Bike Florida Spring Cycling Tour Pt. 2

Day Five of the Bike Florida tour (April 2) was a fun cycle that we “interpreted” so we did not have to ride 60-odd miles to see the Gulf of Mexico. The main draw was the potential to see some Manatees, but it was nowhere near warm enough that day for the Manatees to be anywhere near where we met the water and turned around. But it was a great ride anyway. 

What we did to “interpret” the ride was to drive to the Crystal River rest stop and begin our ride from there, pretty much straight along a long causeway, past a marine science center and the “land’s end” picnic and boat launch area. Theoretically, we were also going to end our ride at the cars, but Mark and Jack rode all the way back, hoping the map indicated a long stretch of cycles-only trail (apparently not so). So Angela and I drove the vehicles back to headquarters so we could all have a shower before heading over to the “ride’s end celebration” at a pub in Inverness. But I get ahead of myself.

It was truly the best day of the ride to date. Riding along the causeway out of Crystal River was quite pleasant, and on the way, I noted a sign at a place called Shrimp Landing that indicated they were serving “take out” lunch from 11 to 2. That was on the outbound side of the roadway. Evidently, some cyclists need reminding to ride with the traffic.

We made it to the end of the road and saw the place where Crystal River meets the Gulf of Mexico. There was a sign way away in the water that noted it was a “Manatee Zone.” A friendly cormorant was sunning on the sign.

Jack dipped his tire into the Gulf, just for the symbolism of it all.

On the return ride, we stopped by the Shrimp Landing place and they did, indeed, offer take out lunch. We all ordered shrimp po-boy sandwiches, which came with fries or slaw. Fresh and delicious, although we had to wait for them to be fixed to order. There was even a picnic table out front for our use—a couple of older locals were eating their lunch there, but were done by the time we were ready to start. And as it happened, another couple who’d driven in as we were eating were ready to eat just as we finished. Karma or what?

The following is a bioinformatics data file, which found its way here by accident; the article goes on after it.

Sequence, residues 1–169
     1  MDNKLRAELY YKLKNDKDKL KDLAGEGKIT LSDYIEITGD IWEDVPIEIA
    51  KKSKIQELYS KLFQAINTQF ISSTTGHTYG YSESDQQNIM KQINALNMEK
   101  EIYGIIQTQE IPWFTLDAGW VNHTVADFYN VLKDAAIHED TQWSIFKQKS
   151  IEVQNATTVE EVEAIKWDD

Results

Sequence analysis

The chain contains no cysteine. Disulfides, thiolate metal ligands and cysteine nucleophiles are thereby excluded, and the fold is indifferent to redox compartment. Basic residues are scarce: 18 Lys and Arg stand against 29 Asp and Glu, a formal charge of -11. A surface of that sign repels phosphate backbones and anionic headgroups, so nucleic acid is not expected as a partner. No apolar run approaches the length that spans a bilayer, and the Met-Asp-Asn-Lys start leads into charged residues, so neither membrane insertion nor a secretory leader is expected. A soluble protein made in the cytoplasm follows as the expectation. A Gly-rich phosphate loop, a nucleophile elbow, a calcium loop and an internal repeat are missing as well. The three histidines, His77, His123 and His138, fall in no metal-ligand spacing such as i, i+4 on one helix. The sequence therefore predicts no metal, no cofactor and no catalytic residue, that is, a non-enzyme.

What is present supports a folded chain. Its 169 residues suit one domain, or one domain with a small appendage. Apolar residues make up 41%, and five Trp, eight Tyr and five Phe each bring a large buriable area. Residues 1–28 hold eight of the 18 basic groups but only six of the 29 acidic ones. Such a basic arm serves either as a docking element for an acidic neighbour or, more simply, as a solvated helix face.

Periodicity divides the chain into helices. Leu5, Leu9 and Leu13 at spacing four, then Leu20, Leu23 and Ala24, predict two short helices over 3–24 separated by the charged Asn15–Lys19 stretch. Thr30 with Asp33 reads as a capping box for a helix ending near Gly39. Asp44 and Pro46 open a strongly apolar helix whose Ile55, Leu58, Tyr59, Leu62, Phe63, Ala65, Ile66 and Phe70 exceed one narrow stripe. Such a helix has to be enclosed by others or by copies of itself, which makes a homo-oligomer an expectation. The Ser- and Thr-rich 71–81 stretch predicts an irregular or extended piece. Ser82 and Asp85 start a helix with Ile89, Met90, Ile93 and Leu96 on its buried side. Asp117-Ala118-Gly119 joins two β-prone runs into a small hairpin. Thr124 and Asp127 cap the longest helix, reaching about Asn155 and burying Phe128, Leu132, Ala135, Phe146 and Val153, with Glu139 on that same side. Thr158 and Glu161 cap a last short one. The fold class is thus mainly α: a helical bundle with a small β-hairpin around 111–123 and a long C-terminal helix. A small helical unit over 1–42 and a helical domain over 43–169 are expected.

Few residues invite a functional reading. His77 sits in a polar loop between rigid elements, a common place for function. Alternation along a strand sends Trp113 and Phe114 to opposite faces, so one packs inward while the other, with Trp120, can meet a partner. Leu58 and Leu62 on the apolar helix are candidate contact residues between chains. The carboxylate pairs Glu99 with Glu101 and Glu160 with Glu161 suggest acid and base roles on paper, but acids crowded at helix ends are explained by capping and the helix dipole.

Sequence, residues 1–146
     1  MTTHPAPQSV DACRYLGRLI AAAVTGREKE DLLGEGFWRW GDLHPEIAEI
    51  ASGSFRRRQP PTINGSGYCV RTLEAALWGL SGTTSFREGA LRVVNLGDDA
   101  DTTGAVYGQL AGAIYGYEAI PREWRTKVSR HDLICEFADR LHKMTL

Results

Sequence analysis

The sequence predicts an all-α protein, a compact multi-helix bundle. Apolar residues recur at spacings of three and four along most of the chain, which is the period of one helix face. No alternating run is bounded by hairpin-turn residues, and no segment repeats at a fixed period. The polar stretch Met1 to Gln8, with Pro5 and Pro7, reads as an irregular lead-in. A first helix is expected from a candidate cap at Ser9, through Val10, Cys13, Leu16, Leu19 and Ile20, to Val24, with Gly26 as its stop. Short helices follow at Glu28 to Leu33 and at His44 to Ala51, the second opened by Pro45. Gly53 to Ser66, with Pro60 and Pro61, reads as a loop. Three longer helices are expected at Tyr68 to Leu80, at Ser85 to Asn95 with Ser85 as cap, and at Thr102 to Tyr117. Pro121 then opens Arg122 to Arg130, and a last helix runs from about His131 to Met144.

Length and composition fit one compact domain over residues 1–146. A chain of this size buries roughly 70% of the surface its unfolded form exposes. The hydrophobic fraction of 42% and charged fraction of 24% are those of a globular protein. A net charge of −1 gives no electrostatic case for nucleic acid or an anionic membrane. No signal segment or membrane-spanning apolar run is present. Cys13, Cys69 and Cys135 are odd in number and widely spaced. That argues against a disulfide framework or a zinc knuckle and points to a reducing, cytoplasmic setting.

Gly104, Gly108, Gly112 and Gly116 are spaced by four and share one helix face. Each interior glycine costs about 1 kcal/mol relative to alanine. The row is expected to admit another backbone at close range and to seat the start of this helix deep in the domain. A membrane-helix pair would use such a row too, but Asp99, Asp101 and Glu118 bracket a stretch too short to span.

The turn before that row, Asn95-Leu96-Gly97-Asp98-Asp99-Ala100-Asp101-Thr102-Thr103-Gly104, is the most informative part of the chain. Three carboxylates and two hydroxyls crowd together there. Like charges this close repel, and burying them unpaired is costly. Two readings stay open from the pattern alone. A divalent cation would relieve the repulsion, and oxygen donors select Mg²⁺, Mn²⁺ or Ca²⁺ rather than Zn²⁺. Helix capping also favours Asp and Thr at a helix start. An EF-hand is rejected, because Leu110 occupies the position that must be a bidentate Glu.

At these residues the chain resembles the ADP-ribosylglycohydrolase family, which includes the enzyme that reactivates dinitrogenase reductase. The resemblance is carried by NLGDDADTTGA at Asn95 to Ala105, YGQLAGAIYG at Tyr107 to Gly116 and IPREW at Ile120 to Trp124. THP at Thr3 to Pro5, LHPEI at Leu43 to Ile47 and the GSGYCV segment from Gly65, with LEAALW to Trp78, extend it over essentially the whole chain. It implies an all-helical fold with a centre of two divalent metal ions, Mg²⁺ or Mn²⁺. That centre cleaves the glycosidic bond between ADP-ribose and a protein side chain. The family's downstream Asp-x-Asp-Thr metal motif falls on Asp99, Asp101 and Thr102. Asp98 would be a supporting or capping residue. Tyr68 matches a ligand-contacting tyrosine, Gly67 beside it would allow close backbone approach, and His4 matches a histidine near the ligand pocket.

Behind this old, tired-looking place was the most beautiful bougainvillea I think I’d ever seen. Jack’s yellow jacket contrasted nicely with the enormous vine.

As I said earlier, Angela and I drove the cars back while Mark and Jack rode to HQ. We’d finished our showers and were lounging in our camp chairs in the shade by the time they arrived and reported that we hadn’t missed a thing in skipping that part of the ride.

After their showers, we hung out a while, rather than driving back to camp, because this was the evening of the celebration party, held at The Cove Pub and Grub restaurant nearby. It was pay-as-you-go for beverages and food, and they offered airboat rides to the group as well. A live band as old as the audience demographic was set up in the trees, and they were surprisingly good, aside from being waaaay too loud. But their playlist was fun and there was even some dancing captured on film.

It was a very pretty setting, and a walk down to The Cove itself (for which the restaurant is named) ended at a dock with a couple of seats that I took advantage of to take some pix before it got too dark.

Along the walk back to the party, I noted another tree covered with ferns. Florida is an amazing place.

Day Six (April 3)

The 42 miles of our last day were mostly on the Withlacoochee Trail. Angela felt like her leg was going to begin acting up, and with the return miles, she elected to stop at the rest stop and wait for our return. As a spare body hanging around, the rest stop personnel put her to work, so Angela had her first experience as a bike tour volunteer.

We rode to the trail’s northern terminus in Dunnellen, where the Withlacoochee and Rainbow rivers meet. We were told it was a nice little town to visit, but we didn’t ride anything extra, except for the part where we got lost. By the time we got to the turn-around point, most of the signage had been removed already, so we got a bit disoriented.